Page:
As a nod to the original game, and, well, because they’re fun, there are plenty of secrets and hidden rooms to be found. Switches hidden on statues reveal secret passageways behind ostentatious portraits of Nazi generals, combination locks can be solved with a rudimentary knowledge of the German words for one, two and three. This is mostly in aid of finding scraps of fiction, discarded letters and other documents, but secret areas will sometimes present you with shortcuts and opportunities to stealth through areas otherwise thick with angry guards.
And there are dogs. Giant mechanical canines appear very infrequently as bullet sponging mini-bosses, while lesser, only partially modified German Shepherds act much as they do in other war games, running up to you and attempting to bite you in the esophagus until you can hammer F to cruelly stab them a whole lot for simply performing their duties. Hulking bionic ubermensch must be strafed around madly and riddled with whole armouries’ worth of ammunition to shear off their outer layers of armour before pounding their fleshy, vulnerable inner parts.
The Nazi forces are varied and intimidating, and they’re led by the genuinely sinister Deathshead (that’s ‘Death’s Head’, not ‘Death Shed’, though it wouldn’t surprise me to learn that he operates a shed where he murders people in mad experiments). He’s a mutilated, grinning visage of perfect teeth and scar tissue, and at one deeply unsettling point early in the game, as you’re captured and doomed, Mister Deathshead himself appears to stare at you unblinking from behind a thick pane of glass. The way his head quietly tracks your bouncing movements as you run around the room is a ridiculous trick, but it’s still upsetting. As is what follows: a harrowing and painfully gory scene that cements the idea that, yes, these Nazis are rotters and need thumping.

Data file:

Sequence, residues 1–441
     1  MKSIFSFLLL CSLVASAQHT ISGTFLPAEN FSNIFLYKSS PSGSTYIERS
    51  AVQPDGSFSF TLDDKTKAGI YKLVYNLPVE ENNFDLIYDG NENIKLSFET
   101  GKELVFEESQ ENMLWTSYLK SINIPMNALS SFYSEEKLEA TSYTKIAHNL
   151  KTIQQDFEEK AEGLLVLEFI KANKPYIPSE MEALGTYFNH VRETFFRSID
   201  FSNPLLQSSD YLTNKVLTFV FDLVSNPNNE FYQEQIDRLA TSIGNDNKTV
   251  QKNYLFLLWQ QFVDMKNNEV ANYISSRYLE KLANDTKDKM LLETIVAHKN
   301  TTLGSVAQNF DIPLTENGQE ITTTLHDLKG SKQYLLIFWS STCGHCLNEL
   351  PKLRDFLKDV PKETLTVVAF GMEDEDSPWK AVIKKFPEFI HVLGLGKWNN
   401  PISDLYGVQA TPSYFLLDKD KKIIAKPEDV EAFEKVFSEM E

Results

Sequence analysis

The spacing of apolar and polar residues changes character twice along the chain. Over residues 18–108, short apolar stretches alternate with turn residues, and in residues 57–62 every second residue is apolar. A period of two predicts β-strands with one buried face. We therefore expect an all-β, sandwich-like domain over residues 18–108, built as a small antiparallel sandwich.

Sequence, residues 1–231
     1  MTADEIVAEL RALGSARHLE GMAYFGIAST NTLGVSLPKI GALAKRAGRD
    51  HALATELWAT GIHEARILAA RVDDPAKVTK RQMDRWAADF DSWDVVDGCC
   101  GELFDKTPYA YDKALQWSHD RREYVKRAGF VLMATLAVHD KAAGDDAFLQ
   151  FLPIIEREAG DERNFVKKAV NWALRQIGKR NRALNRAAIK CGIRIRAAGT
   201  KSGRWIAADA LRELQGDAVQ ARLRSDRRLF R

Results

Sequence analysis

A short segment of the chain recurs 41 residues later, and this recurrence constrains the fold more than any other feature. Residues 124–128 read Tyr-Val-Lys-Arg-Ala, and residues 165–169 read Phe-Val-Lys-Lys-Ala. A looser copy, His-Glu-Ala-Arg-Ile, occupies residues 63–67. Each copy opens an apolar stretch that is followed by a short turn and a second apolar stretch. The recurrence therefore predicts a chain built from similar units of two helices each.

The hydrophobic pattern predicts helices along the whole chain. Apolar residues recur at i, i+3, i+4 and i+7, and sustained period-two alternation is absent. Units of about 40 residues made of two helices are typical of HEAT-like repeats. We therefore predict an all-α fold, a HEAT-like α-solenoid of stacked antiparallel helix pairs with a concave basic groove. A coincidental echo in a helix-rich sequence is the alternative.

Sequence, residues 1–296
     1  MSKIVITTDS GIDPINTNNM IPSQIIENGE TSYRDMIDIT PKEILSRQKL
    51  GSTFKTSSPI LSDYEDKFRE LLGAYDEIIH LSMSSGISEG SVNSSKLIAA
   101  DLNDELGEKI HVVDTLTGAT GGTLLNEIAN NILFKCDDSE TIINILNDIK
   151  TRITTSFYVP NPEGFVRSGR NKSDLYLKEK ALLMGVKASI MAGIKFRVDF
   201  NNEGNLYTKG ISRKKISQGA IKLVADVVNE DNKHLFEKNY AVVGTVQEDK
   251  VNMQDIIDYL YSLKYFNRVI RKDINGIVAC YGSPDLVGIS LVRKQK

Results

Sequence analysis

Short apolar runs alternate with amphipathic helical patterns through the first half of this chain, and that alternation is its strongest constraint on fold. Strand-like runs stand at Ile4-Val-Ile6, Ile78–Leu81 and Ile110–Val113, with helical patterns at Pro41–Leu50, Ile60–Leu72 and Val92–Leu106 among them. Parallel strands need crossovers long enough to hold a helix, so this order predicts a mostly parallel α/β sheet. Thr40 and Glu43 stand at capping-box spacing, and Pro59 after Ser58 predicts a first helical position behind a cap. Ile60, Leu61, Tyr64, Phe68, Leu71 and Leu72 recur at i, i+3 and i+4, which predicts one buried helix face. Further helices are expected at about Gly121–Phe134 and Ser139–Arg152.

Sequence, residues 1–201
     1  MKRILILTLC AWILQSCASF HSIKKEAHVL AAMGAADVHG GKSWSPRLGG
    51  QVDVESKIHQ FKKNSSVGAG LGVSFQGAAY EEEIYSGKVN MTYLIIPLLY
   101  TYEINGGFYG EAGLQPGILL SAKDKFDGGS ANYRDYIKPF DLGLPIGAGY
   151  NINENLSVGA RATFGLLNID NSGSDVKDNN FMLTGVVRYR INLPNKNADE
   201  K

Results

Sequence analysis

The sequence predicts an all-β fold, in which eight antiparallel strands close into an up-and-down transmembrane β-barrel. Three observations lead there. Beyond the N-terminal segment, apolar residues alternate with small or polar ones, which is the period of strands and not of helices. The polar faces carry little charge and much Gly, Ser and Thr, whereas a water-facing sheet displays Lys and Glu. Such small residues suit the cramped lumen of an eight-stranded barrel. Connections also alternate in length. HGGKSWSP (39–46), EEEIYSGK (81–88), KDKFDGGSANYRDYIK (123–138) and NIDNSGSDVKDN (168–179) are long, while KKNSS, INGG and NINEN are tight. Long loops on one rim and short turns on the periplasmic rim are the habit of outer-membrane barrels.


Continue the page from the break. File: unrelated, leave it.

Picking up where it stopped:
The game shifts gear and time-jumps forwards to a Nazi-controlled 1960, in which a defiant and recovered Blaskowicz must find the last few remaining members of the resistance and kickstart a new rebellion. The weapons you procure now more closely resemble the near-future tech of recent Call of Duty games: sniper rifles with advanced scopes, mechanical ED-209 style automatons, hovering robo-drones and plasma chucking supercannons. It’s all just as gung-ho, you can still dual wield huge sniper rifles and storm into battle like a man possessed, except things are darker and more metallic now, and your enemies come in more surprising shapes.
A world under the jackboot also presents some interesting set pieces. In one, while carrying first-person coffee back to your train cabin, you’re stopped by a high-ranking Nazi officer who subjects you to her personal psychological evaluation, in order to determine if you are of “pure blood”. Your choice of picture cards determines how the menacing and surreal scene plays out, but it’s the sense of helplessness and impotence in an oppressive, enemy controlled world that makes it. You’ll probably get a chance to blow that woman up later in the game, that’s sort of how these things play, but in that moment, forced at gold-plated Luger-point to pick between a bee and a flower to prove your Aryan heritage, you’ll feel something you probably didn’t expect to feel playing a Wolfenstein game.
There’s no self-congratulatory fanfare around The New Order’s infrequent nods to its hallowed past. Blaskowicz doesn’t remark “oh what a lovely roast dinner” when he first scoops a plate of chicken into his gullet for some extra health. This is no embarrassingly flailing Duke Nukem Forever sort of self-parody, it’s a confident and competent shooter that recognises precisely what’s appealing about the subject matter of robotic super Nazis and bionic dogbots, and presents it with total conviction. Wolfenstein: The New Order is bound to be one of this year’s best shooters.